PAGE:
Medicare Enrollment

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Medicare Enrollment



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Medicare open enrollment is now in progress and will run through December 7, 2016. If you haven’t signed up yet, it’s time to enroll, reassess your current coverage and check your prescription plan formularies and tiers for pricing changes.
As a Medicare beneficiary, you can enroll in a Medicare Advantage plan instead of traditional Medicare. If you have traditional Medicare, you can add prescription drug coverage, which is Part D. Each year, members are given about seven weeks to sign up for new plans or make changes to existing coverage.
The focus of Medicare plans over the years has shifted from saving for health care to accessing more private plans with broader benefits. The Affordable Care Act (ACA) integrated the use of a quality star rating system, making it easier to identify plans with satisfied customers. Medicare Advantage is becoming increasingly popular. According to the Kaiser Family Foundation, 31 percent of people who qualify for original Medicare (Parts A and B) prefer to combine those benefits in a private Part C plan, also known as Medicare Advantage, that often includes prescription drug coverage.
Depending on your personal medical needs, you may be perfectly content with original Medicare or need more comprehensive coverage. The choice is yours, but you can only sign up from October 15 through December 7 outside of your initial eligibility window.

How to Find Medicare Plan Information

Where should you start during Medicare open enrollment? First, you need to know what’s available in your area. Plan descriptions are readily accessible on Medicare.gov via the Medicare Plan Finder. Don’t bother with the prescription drug page when you’re first exploring your options. The best recommendations for hospital and primary care will be different than the selection for the top prescription care. Choose the plan that has the combination more closely suited to your individual circumstances.
Once you’ve identified some plans that might work, click on the title of each one followed by the “benefits” tab to learn more about its features. Keep in mind that premiums are not the only indicator of cost. Look carefully at the copays, coinsurance and deductible amounts. The higher the deductible is, the lower the premium will be. Again, you are looking for something that works best for your budget. You have two options:

  • High premium, lower out-of-pocket: Pay more up front in monthly premiums and less at the time of medical care.
  • Low premium, higher out-of-pocket: Pay a lower monthly premium and more when you visit the doctor or get your prescription filled.

For the greatest deal, find out how well each plan pays for services that you use regularly. Plans with the circled letters D, H or V also include dental, hearing or vision benefits, respectively.

The Difference Between HMOs and PPOs

Insurance terms can be confusing, especially if you’re new to Medicare. Medicare Advantage plans operate like health maintenance organizations (HMOs) and preferred provider organizations (PPOs). The Kaiser Family Foundation reports that 64 percent of Medicare Advantage enrollees prefer HMO plans to PPOs.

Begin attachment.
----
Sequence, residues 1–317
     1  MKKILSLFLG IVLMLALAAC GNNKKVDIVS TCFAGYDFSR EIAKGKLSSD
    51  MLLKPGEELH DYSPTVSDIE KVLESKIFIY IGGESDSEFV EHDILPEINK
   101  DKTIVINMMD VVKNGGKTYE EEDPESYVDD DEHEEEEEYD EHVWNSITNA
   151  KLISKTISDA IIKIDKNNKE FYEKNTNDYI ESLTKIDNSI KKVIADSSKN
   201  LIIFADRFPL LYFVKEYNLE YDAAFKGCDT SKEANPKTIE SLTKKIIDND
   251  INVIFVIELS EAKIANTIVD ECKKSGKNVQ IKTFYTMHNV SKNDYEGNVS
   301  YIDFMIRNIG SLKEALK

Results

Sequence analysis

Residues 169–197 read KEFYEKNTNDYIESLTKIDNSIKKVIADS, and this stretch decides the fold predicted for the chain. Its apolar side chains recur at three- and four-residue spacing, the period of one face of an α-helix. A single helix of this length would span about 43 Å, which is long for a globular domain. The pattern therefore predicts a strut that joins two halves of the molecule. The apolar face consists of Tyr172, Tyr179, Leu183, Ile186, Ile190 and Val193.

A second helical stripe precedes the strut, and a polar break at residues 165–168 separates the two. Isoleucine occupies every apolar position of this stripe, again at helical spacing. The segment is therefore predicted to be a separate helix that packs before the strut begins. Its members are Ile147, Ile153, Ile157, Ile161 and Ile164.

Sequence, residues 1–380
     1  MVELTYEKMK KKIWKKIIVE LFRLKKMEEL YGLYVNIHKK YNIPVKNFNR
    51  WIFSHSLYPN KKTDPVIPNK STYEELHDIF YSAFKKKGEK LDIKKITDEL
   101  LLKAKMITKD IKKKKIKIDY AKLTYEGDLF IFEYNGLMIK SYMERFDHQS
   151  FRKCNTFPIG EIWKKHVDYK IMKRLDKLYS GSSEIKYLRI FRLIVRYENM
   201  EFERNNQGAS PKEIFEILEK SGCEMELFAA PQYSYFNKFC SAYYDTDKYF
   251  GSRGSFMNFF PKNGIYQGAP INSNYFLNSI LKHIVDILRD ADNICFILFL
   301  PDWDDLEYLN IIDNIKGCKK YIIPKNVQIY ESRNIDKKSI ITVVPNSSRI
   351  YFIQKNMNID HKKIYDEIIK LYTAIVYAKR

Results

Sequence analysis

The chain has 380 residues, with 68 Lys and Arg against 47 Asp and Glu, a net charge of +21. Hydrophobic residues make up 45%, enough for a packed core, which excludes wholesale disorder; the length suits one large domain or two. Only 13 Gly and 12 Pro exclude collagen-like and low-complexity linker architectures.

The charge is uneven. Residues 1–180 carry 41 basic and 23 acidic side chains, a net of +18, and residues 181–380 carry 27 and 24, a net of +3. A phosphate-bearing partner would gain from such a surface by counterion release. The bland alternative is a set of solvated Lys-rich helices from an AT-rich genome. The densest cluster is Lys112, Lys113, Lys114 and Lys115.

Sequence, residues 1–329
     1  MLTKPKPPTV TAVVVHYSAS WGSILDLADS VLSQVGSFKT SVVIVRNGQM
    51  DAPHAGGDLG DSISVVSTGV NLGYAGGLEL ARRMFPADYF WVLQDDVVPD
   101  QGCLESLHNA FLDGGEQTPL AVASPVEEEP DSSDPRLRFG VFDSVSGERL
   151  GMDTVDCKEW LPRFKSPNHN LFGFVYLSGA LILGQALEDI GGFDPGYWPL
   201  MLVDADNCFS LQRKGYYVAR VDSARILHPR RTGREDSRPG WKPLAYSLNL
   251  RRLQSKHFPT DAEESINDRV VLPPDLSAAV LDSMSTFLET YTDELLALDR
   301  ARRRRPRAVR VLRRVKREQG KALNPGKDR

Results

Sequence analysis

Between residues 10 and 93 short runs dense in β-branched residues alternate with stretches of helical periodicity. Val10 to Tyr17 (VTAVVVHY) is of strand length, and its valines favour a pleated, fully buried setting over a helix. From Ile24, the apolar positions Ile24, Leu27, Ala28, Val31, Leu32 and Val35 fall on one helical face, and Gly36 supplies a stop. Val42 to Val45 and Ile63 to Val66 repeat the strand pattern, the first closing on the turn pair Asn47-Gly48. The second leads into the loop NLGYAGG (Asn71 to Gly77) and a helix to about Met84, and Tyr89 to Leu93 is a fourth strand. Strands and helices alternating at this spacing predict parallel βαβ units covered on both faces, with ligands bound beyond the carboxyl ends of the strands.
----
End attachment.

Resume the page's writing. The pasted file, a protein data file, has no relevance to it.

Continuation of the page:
HMOs require a primary doctor to coordinate care and give referrals to see specialists. You must use the doctors within the network to guarantee payment for services, except during an emergency. Serving local areas, they cost less but have fewer provider options. If you’re not attached to your provider, or you’re confident that she’s in your HMO network, then an HMO can be a good option for you.
PPOs let you pick your doctors, but you’ll get a price discount for using one in their network. Coverage is better when you stay within the plan’s list of participating providers. A PPO may be the best option if you have a doctor you like and trust who is not in the network. These types of plans have service networks that can cover both local areas, like counties, and regional areas, including entire states. They cost more because you have more options.
Call your doctor’s office or look for your physician’s name or practice on Medicare’s plan provider lists to see if he participates in the plan that you’ve chosen. You may need to change the plan or change your doctor to keep costs down.

The Final Determination

Once you’ve settled on a few possible plans, make a list of those plan names and individually search them using the Medicare Plan Finder. Add in your prescriptions when prompted. Creating a list beforehand will help expedite the process and save you some frustration. Note that proper spelling and dosage are critical elements for your prescriptions. You’ll need to make sure that your drug plan not only covers your medication, but also covers the amount that you need and how often you need to take it.
Compare these results against the original list, the one that doesn’t include your prescriptions, to find plan options that appear on both lists. Next, check the star rating, which will tell you how good the plan is based on factors like customer satisfaction and whether it successfully manages chronic illnesses. A rating of 3.5 or better is suggested overall.
After you’ve enrolled in a new Medicare Advantage plan, the plan will automatically notify original Medicare of the change, so you shouldn’t have to worry about gaps in coverage or an interruption in services. Remember that you can only sign up until December 7 this year, so start soon if you haven’t already.